BBC

Elizabethans didn't tend to waste any part of an animal, which is why you got dishes like this on the menu: a whole boiled sheep's head surrounded by its various internal organs. Oh, and some dried fruit to add a bit of pizazz.

11. People thought tomatoes were poisonous.

BBC / Getty

And they were suspicious of other fruit and vegetables too. In Sir Thomas Elyot’s influential book The Castel of Helth (they hadn’t invented spelling in Elizabethan times), he says that spices and vegetables are bad for people, and that fresh fruit is “noyful (harmful) to man and do engender ill humours".

12. Elizabeth had her own personal conjurer.

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People struggled to separate newly discovered scientific principles from superstition, and belief in spirits and witches remained strong. One person who sums up this strange time was Dr John Dee, who was both a prominent and gifted mathematician and an occultist magician who prepared Elizabeth's horoscopes.

13. She also banned begging and idleness.

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There were few safety nets for the poor, and no welfare state. To make matters worse, it was illegal to be unemployed if you were over 12. Under a rule known as "setting the poor to work", able-bodied idlers were forced to take on menial work in return for a low wage. If they refused, they'd be classed as "idle poor", and could be imprisoned or "bored through the ear".

14. There were shitloads of sheep everywhere.

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Around 30% of all English land was made up of pasture, parks, and commons used for grazing sheep. The wool trade was the country's main source of income at the time. In 1564–5, cloth and woollens made up 81.6% of England's exports.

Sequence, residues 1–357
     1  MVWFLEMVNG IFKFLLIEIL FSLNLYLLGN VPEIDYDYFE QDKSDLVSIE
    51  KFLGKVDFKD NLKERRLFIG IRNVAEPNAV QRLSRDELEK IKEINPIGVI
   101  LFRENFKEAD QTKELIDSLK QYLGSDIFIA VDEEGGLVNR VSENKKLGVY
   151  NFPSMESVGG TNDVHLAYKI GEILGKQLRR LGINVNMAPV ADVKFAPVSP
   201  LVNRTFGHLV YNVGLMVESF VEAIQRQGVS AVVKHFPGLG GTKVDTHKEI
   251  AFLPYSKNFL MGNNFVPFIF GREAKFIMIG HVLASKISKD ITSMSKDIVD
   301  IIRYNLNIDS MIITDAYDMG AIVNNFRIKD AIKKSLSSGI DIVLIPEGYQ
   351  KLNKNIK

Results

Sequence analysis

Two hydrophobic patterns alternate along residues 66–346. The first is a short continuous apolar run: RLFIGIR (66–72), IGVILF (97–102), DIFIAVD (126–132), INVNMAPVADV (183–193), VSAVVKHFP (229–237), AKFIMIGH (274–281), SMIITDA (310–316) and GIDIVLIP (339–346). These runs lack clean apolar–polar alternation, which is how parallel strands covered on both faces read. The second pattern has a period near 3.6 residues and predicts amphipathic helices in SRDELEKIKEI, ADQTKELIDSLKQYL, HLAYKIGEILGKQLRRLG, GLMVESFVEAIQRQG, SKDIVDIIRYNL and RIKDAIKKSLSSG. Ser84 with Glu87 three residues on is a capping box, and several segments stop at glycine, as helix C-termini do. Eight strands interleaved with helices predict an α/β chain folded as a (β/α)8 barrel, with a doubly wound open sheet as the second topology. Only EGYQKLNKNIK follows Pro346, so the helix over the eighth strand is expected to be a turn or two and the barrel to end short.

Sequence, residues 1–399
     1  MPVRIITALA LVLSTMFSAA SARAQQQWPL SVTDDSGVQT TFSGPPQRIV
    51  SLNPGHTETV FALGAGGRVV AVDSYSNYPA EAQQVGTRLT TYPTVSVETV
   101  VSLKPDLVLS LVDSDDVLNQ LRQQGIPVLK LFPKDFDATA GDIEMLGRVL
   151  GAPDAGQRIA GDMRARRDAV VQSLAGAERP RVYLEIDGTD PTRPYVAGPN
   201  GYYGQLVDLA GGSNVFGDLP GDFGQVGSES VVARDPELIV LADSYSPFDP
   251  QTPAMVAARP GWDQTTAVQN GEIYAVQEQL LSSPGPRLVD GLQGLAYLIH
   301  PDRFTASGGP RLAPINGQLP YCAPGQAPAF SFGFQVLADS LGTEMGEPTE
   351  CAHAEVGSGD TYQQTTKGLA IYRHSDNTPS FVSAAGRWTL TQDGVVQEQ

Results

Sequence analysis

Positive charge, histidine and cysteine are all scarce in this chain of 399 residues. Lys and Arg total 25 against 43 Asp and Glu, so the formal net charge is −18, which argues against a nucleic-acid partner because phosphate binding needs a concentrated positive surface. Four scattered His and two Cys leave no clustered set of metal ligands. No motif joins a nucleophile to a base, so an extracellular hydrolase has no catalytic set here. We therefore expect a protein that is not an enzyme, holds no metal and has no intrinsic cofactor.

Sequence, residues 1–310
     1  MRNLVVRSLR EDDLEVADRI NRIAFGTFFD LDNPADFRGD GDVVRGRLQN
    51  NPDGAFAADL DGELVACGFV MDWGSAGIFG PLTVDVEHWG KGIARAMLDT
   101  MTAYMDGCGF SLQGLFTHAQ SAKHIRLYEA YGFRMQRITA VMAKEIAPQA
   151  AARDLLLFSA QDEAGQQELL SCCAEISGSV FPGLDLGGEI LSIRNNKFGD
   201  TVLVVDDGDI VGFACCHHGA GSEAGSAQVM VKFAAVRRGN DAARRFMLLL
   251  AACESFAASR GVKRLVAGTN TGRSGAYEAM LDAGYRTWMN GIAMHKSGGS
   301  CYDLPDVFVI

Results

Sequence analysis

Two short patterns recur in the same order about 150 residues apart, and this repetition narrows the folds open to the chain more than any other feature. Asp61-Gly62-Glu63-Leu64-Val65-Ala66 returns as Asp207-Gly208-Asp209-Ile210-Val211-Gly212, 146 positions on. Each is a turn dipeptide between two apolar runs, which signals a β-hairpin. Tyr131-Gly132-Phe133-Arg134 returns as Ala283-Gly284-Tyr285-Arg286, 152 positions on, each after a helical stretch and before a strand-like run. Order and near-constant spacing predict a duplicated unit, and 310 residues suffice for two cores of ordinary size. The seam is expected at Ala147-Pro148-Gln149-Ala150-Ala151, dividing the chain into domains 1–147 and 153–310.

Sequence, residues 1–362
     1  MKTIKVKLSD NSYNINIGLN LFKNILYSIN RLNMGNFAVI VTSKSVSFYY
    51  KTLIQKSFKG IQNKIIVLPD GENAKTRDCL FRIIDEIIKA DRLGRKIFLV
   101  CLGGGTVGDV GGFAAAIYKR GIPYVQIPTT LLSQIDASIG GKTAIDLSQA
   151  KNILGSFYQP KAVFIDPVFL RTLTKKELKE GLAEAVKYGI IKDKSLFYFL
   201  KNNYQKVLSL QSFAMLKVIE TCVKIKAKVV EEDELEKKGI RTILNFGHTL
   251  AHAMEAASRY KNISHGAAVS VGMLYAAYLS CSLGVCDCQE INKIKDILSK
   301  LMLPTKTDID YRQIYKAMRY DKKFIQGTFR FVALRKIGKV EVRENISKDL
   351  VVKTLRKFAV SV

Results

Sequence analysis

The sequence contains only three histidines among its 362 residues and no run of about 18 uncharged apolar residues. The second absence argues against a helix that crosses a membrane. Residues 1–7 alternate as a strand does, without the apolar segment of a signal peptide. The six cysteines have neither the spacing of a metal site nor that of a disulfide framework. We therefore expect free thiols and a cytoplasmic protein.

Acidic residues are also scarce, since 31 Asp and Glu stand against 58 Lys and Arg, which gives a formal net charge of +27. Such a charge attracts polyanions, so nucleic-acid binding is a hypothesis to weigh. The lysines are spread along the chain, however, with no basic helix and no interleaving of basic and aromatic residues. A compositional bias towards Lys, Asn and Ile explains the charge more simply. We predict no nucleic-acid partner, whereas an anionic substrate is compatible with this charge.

15. And they were tiny compared to modern sheep.

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In 1600, an average ewe weighed 46 pounds; these days, the average is about 120 pounds, and modern rams can weigh up to 350 pounds. They were basically the size of woolly, medium-sized dogs, which explains why so many were needed to make a coat.

16. Executions were ten a penny, if not more.

BBC / Giphy

It was a violent time. A lack of options for the poor made people desperate, bar fights were common, and thieves roamed the countryside. Theft carried a penalty of death by hanging, as did buggery, stealing hawks, and (weirdly) the emptying of ponds. Murderers were often hung up alive, in chains, to publicly starve.

17. There were only 200,000 people in London.

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Compared to nearly 9 million today. Nevertheless, it was considered a truly huge city. The second-largest town at the time was Norwich, with only 15,000 inhabitants. York was third with 12,000. England was quite an empty country. Apart from all the sheep.

18. People drank beer all day long.

BBC

Water wasn't safe to drink, so everyone – including children – drank "small beer" (weak ale) instead, or wine. Thirsty people could easily get through more than a gallon a day, which really adds up. Households brewed their own to save money.

19. They also loved to quaff "cock ale".

Twitter: @DaintyBallerina

Have you ever wished that chicken soup got you drunk? If so, you should definitely brew some cock ale. To make it, you "take a skinned Cock and boil him well; then take four pounds of Raisins, three nutmegs, mace, half a pound of dates and two quarts of the best Sack [wine]". It was great for colds, probably.